• The proposal’s wording seems to assume that a Set category will have at most one key data name.  Loop categories are not subject to such a constraint, so is this a special rule for Set categories?  That might become an issue if we ever move toward forming aggregates of aggregates.  And maybe even if we don’t.


  • As I understand the proposal, it provides for cross-data-block relationships only where those are explicitly specified by parent and child keys appearing in one and the other block.  That’s a perfectly valid choice, but it does mean that one probably cannot perform much useful aggregation of data blocks that were not written or modified specifically for the purpose.  Is that an acceptable constraint?


  • Should the proposal account more directly for the implicit relationships among otherwise disconnected data that arise from those data being presented in the same data block?  The allowance for elision of (certain) child keys depends on these relationships for correctness, and I think dREL relies implicitly on them, too.  I am uneasy about not taking them fully into consideration.




Operation of dREL



The only dREL construct that still needs to be considered is the "Loop" over a category. This would normally consider every row of a category in turn. For example, one might loop over atom sites to determine the density of the compound. However, in a situation where a category has been equipped by a dictionary with extra key data names, the dREL routine needs to decide whether or not it should still consider all rows, or only a subset. So for a multi-phase powder sample, we would want to calculate density for each compound in turn, not simply use all atom sites as before. There are a number of ways of making this work: for example, a default rule that only those key data names of the looped-over category that are *not* child or parent data names of the keys of the category in which the calculation takes place would cover most situations that I can see. This rule would not cover surrogate keys, so might need to be expanded to cover all key data name relationships that can be deduced.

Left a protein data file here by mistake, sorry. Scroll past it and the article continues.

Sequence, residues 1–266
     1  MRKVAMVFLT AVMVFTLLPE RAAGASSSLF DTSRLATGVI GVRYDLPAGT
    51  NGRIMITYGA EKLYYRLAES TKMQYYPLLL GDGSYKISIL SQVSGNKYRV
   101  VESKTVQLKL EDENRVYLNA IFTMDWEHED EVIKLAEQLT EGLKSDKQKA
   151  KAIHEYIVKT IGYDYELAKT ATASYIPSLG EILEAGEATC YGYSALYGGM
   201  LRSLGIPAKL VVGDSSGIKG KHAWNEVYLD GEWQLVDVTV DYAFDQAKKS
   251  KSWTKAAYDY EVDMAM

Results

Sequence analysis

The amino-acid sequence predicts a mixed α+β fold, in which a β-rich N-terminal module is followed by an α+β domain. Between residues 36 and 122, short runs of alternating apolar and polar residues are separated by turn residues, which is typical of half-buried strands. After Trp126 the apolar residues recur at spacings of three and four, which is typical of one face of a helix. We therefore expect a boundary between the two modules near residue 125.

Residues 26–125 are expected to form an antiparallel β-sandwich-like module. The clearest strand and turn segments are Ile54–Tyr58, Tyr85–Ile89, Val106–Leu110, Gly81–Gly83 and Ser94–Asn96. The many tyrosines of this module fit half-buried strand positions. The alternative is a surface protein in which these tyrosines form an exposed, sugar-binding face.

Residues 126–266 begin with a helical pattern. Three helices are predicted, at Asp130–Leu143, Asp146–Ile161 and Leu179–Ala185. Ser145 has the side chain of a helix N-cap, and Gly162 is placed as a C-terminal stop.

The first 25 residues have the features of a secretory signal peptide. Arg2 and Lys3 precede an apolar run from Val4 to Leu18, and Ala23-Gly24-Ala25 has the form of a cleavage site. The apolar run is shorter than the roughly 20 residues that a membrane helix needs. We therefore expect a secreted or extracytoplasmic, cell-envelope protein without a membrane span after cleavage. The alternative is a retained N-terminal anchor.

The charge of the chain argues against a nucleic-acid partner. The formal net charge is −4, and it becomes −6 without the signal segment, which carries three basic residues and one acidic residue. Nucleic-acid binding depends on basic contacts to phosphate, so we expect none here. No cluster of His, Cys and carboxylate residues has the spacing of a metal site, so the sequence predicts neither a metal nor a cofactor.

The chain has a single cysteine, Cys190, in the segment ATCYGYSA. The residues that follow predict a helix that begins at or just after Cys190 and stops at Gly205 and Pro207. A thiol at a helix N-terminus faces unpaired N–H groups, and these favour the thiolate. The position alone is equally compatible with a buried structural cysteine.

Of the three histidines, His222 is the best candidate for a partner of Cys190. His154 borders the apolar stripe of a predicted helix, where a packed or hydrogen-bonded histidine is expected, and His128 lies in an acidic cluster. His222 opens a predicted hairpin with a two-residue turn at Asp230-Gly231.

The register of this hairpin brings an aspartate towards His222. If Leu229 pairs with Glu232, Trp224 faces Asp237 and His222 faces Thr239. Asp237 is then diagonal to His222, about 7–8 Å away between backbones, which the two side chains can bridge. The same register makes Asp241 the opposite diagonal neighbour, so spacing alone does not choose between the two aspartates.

My gut tells me that dREL methods cannot reliably be imported from dictionary A into dictionary B if B adds any key data names to categories defined by A.  I don’t doubt that many specific cases could be made to work, but I predict insurmountable difficulties in the general case if backwards compatibility is required.


What I could see happening is methods from A operating on multiblock data in terms of A-shaped slices.  I think that is roughly the same idea as presented in the above discussion. I do not consider it the same thing as importing the methods into B, at least not as any of the kinds of methods that we currently support.  A per-slice approach would, of course, depend on a mechanism to define the slices.  I think that would be straightforward if we could identify slices with data blocks, but my understanding of the discussion so far is that that is not an acceptable delineation.



I'm wondering if the "bare bones" proposal above is acceptable?



I think there are a number of questions still to be answered (see above) before that one can be.  Right now, I’d have to say “maybe.”



Best Regards,





John C. Bollinger, Ph.D., RHCSA

Computing and X-ray Scientist

Department of Structural Biology

St. Jude Children's Research Hospital